9 Things You Can't Clean With 'All-Purpose' Cleaner, According to Experts

The Swiss Army knife of cleaning, all-purpose cleaners work their magic on a variety of surfaces, and, as a result, in a variety of rooms. Grease on your stainless stovetop hood or grime on your laminate kitchen counters? Reach for your multi-purpose cleaner.

People love using all-purpose cleaners because in many scenarios, they’re both efficient and effective. But there are some places you shouldn’t use them. Here’s the intel on what all-purpose cleaner is good for, and when not to use it.

What, Exactly, is All-Purpose Cleaner? 

The short answer? Basically, all-purpose cleaner is soap and water, according to Melissa Maker, founder of Clean My Space. “All-purpose cleaner is a general cleaning solution, which is great for getting most surfaces clean—but of course, there are some specialty situations that need to be taken into situation,” she says. 

Another thing to keep in mind: When you’re using an all-purpose cleaner, the tool you use to apply it can also have an impact on how clean something gets. For example, a textured cloth is a bit more abrasive than, say, a paper towel, so all-purpose cleaner on a cloth will be even more powerful at dislodging dirt and grime.

Maker says her approach to cleaning is to immediately go for the most effective product and tool so she doesn’t waste a second of time. And despite the name, there are some things that all-purpose cleaner isn’t the best at cleaning.

9 Things You Shouldn’t Clean With All-Purpose Cleaner

To save your own time and get better results, here are some situations where you should skip the all-purpose cleaner and opt for something more specialized. 

1. Anything that needs to be disinfected

Worried about cross-contamination? It may be time to bring out the big guns. Soap and water paired with the right tool can remove and kill germs, Maker says, but there are certain moments when you want to level up with a disinfectant—especially when it comes to high-touch surfaces like light switches, doorknobs, and cabinet handles. “I trust all-purpose cleaner, but if there are specific germs you need to clean up, bring out a disinfectant,” she says.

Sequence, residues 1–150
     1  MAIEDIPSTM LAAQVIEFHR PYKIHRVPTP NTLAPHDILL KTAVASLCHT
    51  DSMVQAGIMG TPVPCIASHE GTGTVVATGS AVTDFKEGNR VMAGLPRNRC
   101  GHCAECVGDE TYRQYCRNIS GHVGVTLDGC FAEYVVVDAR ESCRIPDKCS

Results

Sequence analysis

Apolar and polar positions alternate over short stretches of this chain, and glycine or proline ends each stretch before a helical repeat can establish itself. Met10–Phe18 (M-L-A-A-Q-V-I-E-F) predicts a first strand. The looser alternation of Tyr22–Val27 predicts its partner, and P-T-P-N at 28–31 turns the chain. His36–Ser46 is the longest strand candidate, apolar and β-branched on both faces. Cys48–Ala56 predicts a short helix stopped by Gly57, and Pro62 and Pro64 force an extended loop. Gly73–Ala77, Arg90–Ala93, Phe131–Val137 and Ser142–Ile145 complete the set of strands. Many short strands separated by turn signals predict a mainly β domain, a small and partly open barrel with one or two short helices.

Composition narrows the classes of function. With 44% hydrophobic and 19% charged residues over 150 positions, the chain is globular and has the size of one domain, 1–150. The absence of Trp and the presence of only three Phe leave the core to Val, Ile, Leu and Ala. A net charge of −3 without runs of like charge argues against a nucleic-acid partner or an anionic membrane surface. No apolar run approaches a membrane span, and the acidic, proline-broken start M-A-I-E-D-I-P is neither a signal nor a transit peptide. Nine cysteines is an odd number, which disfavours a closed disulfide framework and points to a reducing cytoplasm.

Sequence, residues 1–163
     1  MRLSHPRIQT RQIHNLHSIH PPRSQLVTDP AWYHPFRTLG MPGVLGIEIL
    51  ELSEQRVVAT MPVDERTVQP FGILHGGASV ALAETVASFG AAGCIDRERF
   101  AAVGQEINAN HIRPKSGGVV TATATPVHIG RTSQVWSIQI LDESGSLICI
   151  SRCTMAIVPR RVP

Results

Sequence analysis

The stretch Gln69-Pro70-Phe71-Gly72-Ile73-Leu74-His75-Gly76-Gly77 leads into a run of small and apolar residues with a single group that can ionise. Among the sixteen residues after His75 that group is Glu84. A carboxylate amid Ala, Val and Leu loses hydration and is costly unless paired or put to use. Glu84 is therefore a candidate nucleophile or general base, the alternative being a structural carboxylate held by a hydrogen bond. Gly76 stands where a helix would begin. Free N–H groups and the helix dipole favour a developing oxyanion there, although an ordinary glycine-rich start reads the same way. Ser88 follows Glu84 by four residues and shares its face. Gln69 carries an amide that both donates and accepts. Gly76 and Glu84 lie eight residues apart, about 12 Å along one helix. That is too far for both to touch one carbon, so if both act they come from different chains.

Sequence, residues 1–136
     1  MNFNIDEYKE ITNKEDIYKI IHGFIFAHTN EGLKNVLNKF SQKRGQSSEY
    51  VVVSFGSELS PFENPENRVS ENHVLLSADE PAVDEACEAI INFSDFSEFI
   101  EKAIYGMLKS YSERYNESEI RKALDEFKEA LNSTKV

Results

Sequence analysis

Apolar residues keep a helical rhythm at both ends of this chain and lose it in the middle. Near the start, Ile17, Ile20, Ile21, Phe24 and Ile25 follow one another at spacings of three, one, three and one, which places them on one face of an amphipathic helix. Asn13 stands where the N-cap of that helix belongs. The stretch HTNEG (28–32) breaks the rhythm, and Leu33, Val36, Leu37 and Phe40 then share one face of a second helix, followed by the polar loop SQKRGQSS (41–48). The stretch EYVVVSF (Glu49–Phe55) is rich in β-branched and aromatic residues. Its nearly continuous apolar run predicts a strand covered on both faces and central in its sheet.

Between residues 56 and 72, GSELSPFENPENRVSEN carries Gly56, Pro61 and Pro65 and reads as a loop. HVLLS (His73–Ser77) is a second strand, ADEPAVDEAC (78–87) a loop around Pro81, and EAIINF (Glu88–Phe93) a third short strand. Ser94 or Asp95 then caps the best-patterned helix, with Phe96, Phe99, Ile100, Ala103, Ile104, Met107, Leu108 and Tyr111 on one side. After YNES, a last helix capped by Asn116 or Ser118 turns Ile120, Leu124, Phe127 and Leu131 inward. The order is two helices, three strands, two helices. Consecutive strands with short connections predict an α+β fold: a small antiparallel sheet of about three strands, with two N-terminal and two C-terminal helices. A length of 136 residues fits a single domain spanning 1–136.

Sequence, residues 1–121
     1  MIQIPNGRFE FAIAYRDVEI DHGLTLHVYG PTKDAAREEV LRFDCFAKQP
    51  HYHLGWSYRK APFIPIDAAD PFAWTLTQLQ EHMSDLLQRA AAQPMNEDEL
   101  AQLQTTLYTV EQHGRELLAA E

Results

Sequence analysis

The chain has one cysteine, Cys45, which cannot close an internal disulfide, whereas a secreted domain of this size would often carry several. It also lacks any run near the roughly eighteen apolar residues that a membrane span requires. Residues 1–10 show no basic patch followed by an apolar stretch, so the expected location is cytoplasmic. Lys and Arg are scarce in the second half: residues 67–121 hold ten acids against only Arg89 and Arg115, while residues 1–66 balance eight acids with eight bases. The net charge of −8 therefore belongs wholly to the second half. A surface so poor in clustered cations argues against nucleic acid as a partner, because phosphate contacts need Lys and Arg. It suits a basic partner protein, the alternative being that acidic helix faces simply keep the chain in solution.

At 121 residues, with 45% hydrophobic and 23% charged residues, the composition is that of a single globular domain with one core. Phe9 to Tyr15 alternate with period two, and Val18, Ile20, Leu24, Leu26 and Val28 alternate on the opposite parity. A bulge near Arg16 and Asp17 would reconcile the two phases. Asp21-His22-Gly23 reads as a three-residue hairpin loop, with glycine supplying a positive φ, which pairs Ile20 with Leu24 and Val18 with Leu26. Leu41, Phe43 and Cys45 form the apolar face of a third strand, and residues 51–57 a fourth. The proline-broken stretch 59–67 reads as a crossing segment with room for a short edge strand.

2. Glass

When you’re cleaning windows, glass, or mirrors, opt for a glass-specific product or DIY glass cleaner solution. “Soap will leave streaks on your glass, but vinegar or ammonia-based glass cleaners are designed to cut grease and leave no residue behind,” Maker says. 

2. Mold or mildew

If you’re doing general cleaning, all-purpose cleaner is a good call. But a specialty job, like cleaning mold or mildew, will require a specialty product. “When you’re cleaning mold and mildew, think about what’s going to deal with the problem at hand—it’s not soap and water,” Maker says.

4. Your oven

Using all-purpose cleaner to clean the baked-on grime caked on your oven probably wouldn’t be harmful, but it wouldn’t be very efficient or effective either. Maker says for oven-related jobs, it’s best to use a proper oven cleaner, whether that’s a commercial product or a DIY option. 

5. Any kind of stain

All-purpose cleaners aren’t created to remove stains, so Maker says it’s always best to use stain-specific products if you have a spill or mess. For pet or human fluids, she recommends an enzyme-based cleaner. “You always want to go with the thing that will work the best, in the fastest amount of time,” she says.

6. Your shower and bathtub

Pro tip: Don’t use soap alone to clean soap buildup from your shower or bath. Instead, Maker recommends a more powerful scouring agent, like a mixture of dish soap and baking soda or a specialty tub and tile cleaner.

7. Unfinished surfaces

Angela Bell, a Grove Guide with Grove Collaborative, says all-purpose cleaner isn’t a good match for unfinished surfaces like raw wood, concrete or unsealed stone, as the cleaner can seep into the material and potentially leave discoloration. “Unfinished surfaces can simply be cleaned with a microfiber cloth and water, or refer to the manufacturer’s instructions,” she says.

8. Upholstery or fabric

Upholstery and fabric are another area where all-purpose cleaner doesn’t belong. Much like with unfinished surfaces, Bell says all-purpose cleaners can potentially leave discoloration on upholstery or fabric. Instead, she suggests using an off-the-shelf product that’s specifically designed for cleaning upholstery, which is likely to have targeted ingredients that won’t harm porous materials. 

9. Luxe surfaces (that you haven’t spot-tested)

If you have specialty surfaces like marble or copper at home that you’d prefer to keep looking luxe, take a pause before spraying with all-purpose cleaner (or any cleaner, really). Bell says to always refer to the manufacturer’s instructions (the company’s website might have more details than the product’s label about which surfaces are safe). And before you spray with abandon, spot-test in an inconspicuous area. “Copper can be cleaned with a simple vinegar and salt solution, followed off with a microfiber wipe down to give it a good shine,” she says. “Marble can be harmed by cleaners that are too acidic, so using diluted dish soap or castile soap and a soft cloth can be the best option for these.”

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